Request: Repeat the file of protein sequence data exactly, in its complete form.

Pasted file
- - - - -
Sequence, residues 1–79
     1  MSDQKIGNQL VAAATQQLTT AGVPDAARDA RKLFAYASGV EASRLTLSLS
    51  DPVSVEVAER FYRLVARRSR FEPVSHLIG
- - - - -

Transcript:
Sequence, residues 1–79
     1  MSDQKIGNQL VAAATQQLTT AGVPDAARDA RKLFAYASGV EASRLTLSLS
    51  DPVSVEVAER FYRLVARRSR FEPVSHLIG